“Accidental Racist” (2013) is a song by white country-rock singer Brad Paisley. In it he defends wearing the “red flag”, the Confederate flag under which General Robert E. Lee defended the American South’s right to keep blacks in iron chains as slaves. It features black rapper LL Cool J, who says stuff like this:
I guess we’re both guilty of judgin’ the cover not the book.
I’d love to buy you a beer, conversate and clear the air.
If you don’t judge my do-rag,
I won’t judge your red flag.
If you don’t judge my gold chains,
I’ll forget the iron chains.
The past is the past, you feel me.
Let bygones be bygones.
R.I.P. Robert E. Lee
- blacks are just as racist as whites;
- racism is all an honest misunderstanding;
- what a white man wearing a Confederate flag is to racism, a black man wearing a do-rag is to crime;
- forgetting the past will help make racism go away;
- a man who fought to keep blacks in slavery should be honoured in memory.
LL Cool J is an odd choice: unlike many rappers he has never done a song on racism before. Far from challenging Paisley or his white listeners, Cool J pushes white racist tropes – “Get over it!”, “Blacks are just as racist!” – and supports Paisley’s innocence in wearing the Confederate flag.
Cool J has drunk the Kool-Aid. Not surprising since he is a black Republican who supported Mitt Romney for president.
Paisley sings of the White South:
I’m proud of where I’m from but not everything we’ve done
And it ain’t like you and me can re-write history
Our generation didn’t start this nation
We’re still pickin’ up the pieces, walkin’ on eggshells, fightin’ over yesterday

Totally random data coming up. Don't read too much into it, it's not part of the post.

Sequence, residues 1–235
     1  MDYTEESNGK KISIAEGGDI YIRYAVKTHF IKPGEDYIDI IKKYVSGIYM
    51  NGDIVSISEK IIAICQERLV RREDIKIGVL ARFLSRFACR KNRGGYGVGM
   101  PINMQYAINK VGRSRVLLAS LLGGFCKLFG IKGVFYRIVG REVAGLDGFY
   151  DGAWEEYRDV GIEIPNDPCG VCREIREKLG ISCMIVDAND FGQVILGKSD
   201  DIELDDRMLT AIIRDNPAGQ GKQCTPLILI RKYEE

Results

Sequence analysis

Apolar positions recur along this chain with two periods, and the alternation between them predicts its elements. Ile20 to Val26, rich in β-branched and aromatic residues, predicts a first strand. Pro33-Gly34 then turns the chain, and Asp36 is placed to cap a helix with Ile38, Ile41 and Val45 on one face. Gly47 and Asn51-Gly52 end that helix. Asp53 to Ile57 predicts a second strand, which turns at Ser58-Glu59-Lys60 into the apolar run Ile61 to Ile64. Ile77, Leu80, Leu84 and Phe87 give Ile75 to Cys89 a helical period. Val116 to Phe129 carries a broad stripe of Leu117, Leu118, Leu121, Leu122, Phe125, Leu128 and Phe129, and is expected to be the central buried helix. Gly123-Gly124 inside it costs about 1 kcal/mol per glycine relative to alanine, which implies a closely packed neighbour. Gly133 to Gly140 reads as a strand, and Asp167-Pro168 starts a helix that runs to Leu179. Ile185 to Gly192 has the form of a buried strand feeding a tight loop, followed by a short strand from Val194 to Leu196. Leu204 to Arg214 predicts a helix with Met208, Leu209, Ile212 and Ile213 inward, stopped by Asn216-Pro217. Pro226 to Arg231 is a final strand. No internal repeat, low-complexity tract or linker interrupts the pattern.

And caught between Southern pride and Southern blame
Brad Paisley is a well-meaning white: He thinks he means well, he thinks he is not racist – and yet when faced with the racism of his own actions, like wearing the Confederate flag, he defends it. He does not question himself or current White Southern opinion. He cannot: that would blow his cover of white innocence. Instead he sees blacks as oversensitive – as seen in his talk of “walkin’ on eggshells”. And, like most well-meaning whites, he puts racism mostly in the past – “fightin’ over yesterday” – instead of right here, right now, in himself and his (mostly white) listeners.
Preserving Paisley’s sense of white innocence is so important that we must:
- Excuse the wearing of Confederate flags, a symbol of slavery and racism to millions of Americans.
- Forget a past that shapes America still.
- Remain blind to current racism (apart from stereotyping).
It will never work. That very need for a sense of innocence is driven by a sense of white guilt. Why else make such a big deal about the past? I mean, if it does not matter and all. The only way to fight guilt is not through denying it, but through making things right.
- YouTube: “Accidental Racist” – has the lyrics
- The song was inspired by the films:
- The five walls of American racism